A native of Phoenix, Arizona, Sophie Utpadel interned as a counselor at
Phoenix Theatre's Summer Camp Program. She led the teaching artists and campers (ages 4-18) through warm-ups and activities, showcase performances, theatre games, and training.
Describe your day-to-day experiences.
No two days at a Phoenix Theatre Camp are the same. Each week, there are camps offered for every age group. The content ranges from creative drama play to fully-staged numbers from Broadway musicals. Each group has a theme or a show for the camp. The musical staff picks three to five songs from the show or that go with the theme. The campers then learn the songs and the choreography, so a big part of each day is teaching and drilling the kids in their performance. We want to foster a love for theatre and the arts, and we want the kids to have as much fun as we do, so we make sure to end the day with theatre games. These are a chance to have fun, but they also teach important skills like improvisational thinking, collaboration, and confidence that they can use even if they never perform after this camp. I guess the best way to describe my day-to-day experience is that I sing, dance, and play games while inspiring a lifelong love of theatre. Did I mention I love this job???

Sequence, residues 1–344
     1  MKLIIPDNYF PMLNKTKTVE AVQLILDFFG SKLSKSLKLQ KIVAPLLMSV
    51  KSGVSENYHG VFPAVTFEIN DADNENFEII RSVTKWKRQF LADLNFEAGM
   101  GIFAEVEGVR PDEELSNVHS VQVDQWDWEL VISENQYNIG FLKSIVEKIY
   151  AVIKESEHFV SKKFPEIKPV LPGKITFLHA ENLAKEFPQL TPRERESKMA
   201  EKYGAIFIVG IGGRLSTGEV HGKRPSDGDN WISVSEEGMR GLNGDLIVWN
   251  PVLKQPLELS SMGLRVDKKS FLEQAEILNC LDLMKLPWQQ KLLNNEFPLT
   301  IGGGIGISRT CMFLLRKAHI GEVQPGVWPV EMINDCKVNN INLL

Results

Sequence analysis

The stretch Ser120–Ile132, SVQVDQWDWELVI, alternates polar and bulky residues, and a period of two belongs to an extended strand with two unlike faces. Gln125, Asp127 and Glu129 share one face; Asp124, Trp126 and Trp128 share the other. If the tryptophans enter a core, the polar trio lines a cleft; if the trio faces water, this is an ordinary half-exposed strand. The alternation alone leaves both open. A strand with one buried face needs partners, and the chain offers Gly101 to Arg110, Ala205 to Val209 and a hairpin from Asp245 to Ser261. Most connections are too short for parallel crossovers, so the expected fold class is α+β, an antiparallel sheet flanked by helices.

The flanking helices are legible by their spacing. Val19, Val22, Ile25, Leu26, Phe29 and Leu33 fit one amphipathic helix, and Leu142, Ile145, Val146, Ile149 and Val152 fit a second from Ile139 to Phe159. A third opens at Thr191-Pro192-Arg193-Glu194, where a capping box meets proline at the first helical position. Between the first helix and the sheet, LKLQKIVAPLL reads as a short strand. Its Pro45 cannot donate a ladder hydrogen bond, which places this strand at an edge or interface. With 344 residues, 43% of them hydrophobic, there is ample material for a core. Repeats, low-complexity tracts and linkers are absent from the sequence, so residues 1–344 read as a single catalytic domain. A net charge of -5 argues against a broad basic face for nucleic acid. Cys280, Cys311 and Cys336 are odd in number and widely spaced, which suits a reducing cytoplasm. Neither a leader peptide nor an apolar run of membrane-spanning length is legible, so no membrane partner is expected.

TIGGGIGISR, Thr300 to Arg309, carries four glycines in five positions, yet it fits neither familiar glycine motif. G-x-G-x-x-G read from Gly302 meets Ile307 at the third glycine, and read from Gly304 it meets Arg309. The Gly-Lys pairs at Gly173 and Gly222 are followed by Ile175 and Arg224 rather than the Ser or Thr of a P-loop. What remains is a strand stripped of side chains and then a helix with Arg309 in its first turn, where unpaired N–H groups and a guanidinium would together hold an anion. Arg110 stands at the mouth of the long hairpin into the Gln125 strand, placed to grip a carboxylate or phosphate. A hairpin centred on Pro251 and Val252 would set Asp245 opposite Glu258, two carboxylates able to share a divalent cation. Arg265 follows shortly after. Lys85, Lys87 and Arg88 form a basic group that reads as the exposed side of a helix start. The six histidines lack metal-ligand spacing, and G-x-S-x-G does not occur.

Can you cite an example of how your experiences at Knox have benefited you in the internship?
During winter term, I volunteered to tutor third graders at Nielson Elementary, which was an amazing experience. As a tutor, I got to sit down with kids and see what did, and did not, help them learn. I learned that the most important thing is to have a smile on your face as you teach -- as simple as it sounds, it really is key. A smile shows students that you are engaged in what you are doing, and that encourages them to be engaged as well. This was a crucial skill that I took with me as I worked at Phoenix Theatre. Every time I sang a song, I smiled. Every time I danced, a smile was plastered to my face -- my cheeks hurt so much but I really saw the results, and that made it worth it. One thing Knox has really taught me is how to ask questions and keep asking them until I have a better understanding of what I'm doing and what I still need to do.
What did you learn from your internship?
Working at Phoenix Theatre affirmed two central things for me: the first is that I definitely want to be a theatre educator, and the second is a firm belief in the importance and power of the arts and the need to ensure that arts education is available to all. More practically, I learned so many skills that will aid me in the future. The best thing I learned was to reach out and listen to these kids and really spend time with them. I sat with the kids during lunch and breaks to talk to them. I learned so much more than I would have in just a class setting. I was able to use what I learned to help them during class, improving their experience and making my job easier. This is a skill I will carry with me as I work toward my goal to become a theatre educator.